New parking meter test on tap


Evanston’s Parking Committee Wednesday night approved a pilot test of a new parking meter that accepts credit cards for payment.

The plan would see 40 new single-space meters from IPS Group of San Diego, Calif., installed at a location yet to be determined.

Chad Randall, chief operating officer of IPS Group, told the committee that consumers tend to buy more meter time when they’re able to pay by credit card, so that cities that install the meters see up to a 25 percent increase in revenue.

Each solar-powered meter includes a cell-phone like connection to report its status to a central monitoring service, and city workers can use a web browser interface to selectively program the meters to charge different rates or offer different parking time limits at different times of day.

That feature had special appeal to committee members who’ve been wrestling with how to respond to complaints from downtown restaurant owners whose patrons have had to get up from their dinner tables to feed the existing two-hour meters since meter hours of operation were extended from 6 p.m. to 9 p.m.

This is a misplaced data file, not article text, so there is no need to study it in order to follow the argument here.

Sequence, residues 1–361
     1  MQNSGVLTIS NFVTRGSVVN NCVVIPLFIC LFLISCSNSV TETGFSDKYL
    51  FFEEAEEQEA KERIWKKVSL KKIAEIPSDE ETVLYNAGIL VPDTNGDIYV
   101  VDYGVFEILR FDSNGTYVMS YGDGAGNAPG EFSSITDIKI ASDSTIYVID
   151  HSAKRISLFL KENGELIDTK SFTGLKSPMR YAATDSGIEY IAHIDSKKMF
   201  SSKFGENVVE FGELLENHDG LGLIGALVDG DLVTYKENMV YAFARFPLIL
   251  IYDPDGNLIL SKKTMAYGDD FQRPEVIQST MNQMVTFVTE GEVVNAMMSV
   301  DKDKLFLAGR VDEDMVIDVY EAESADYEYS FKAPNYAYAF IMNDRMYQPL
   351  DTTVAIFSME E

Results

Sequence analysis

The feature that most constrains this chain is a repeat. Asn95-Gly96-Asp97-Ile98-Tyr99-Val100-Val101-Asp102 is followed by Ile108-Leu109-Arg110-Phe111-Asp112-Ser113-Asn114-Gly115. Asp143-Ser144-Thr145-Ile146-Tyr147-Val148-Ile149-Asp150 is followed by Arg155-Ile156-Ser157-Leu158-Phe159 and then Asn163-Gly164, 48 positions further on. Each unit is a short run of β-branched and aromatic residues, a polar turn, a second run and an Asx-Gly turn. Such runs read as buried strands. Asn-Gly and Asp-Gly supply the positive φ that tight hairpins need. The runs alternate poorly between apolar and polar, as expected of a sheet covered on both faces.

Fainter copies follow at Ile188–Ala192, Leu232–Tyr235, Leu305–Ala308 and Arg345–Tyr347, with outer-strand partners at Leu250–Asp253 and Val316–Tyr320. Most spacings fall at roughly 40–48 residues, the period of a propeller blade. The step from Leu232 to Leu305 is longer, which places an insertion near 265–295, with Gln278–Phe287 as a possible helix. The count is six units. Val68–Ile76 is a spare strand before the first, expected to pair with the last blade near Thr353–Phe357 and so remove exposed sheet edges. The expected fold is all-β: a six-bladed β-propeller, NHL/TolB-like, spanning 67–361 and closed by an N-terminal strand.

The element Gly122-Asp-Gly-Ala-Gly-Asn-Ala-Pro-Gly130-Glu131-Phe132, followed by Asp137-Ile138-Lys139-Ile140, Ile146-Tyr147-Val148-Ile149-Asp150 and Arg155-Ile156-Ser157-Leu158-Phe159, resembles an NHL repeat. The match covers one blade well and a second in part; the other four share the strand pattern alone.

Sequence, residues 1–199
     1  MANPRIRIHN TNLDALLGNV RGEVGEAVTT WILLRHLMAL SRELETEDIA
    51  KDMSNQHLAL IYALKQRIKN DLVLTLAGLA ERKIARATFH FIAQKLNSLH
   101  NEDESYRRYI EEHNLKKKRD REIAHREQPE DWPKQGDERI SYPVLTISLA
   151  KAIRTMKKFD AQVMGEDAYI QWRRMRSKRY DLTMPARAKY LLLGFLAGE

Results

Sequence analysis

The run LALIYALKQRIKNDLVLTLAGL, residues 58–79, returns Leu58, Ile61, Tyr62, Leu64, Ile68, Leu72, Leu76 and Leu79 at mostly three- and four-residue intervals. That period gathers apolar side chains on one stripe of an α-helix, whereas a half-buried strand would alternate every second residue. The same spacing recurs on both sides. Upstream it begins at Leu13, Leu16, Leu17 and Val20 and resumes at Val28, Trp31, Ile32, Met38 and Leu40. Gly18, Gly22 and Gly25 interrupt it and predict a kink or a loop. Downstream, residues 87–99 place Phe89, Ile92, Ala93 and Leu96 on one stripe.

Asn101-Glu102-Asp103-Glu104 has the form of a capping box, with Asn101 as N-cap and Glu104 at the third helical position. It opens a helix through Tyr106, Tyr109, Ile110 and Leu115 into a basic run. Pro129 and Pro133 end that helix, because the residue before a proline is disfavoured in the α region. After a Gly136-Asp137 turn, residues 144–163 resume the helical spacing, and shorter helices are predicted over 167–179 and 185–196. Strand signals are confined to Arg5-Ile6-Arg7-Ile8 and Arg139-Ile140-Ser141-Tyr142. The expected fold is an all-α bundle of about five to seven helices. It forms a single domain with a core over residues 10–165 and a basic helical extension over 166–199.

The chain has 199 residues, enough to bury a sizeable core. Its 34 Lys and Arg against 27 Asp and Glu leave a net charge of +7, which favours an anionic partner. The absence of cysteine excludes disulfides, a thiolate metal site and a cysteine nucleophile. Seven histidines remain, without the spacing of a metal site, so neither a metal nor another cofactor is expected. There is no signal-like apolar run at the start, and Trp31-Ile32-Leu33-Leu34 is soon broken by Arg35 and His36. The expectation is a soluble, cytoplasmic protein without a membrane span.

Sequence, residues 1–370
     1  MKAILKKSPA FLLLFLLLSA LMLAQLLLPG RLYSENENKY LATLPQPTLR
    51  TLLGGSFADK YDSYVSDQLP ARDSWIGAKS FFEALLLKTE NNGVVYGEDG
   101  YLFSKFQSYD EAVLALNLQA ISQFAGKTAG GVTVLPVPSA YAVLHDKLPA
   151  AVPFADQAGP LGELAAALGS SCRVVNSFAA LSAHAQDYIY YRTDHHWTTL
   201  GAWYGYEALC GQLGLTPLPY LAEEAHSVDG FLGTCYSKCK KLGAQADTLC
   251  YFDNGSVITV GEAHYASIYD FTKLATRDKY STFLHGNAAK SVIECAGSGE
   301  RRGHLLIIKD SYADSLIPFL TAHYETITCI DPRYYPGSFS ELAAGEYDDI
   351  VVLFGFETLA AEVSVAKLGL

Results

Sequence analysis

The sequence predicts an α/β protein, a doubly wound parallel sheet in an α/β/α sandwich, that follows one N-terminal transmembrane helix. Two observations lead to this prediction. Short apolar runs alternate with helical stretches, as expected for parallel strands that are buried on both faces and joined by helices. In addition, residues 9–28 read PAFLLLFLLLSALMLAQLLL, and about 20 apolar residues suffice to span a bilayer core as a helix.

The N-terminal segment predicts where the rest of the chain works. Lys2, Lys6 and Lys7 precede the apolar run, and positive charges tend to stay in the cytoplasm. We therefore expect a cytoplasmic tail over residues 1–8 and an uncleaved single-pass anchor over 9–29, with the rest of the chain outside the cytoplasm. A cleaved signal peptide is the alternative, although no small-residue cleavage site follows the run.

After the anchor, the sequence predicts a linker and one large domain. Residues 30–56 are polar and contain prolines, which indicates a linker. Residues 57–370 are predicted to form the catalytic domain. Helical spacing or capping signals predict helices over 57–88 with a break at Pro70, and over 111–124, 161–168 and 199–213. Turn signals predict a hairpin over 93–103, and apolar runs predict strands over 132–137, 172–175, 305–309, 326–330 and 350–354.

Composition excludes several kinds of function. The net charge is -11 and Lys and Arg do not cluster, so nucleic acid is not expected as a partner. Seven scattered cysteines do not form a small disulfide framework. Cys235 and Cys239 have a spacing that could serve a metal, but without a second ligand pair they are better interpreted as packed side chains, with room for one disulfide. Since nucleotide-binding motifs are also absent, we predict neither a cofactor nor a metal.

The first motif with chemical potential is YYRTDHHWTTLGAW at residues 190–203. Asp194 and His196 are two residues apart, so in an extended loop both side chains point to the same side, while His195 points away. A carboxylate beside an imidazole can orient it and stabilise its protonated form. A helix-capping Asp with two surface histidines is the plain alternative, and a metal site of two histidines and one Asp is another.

The meters also report wirelessly how much money they’ve collected and whether they are experiencing any performance problems.

The meters can also be combined with a separate pavement-mounted device to monitor when cars pull out of a parking space and zero out the remaining meter time.

They still accept coins for payment and can also take payment by cell phone.

Randall said that, because the system reuses existing meter housings, it can cost half as much to install as the multi-space pay-and-display meter systems the city has also been considering.

The meters cost $400 to $500 each and the firm charges a $5 monthly fee for each meter for the monitoring system.

In addition, credit card transactions carry a processing fee that Randall said averages 10 to 12 cents per transaction.

But he claimed that, because of increased usage, cities that install the new meters still see a net increase in revenue.

City officials say Evanston now collects $1.9 million from its roughly 1,220 parking meters.

Editors’ Picks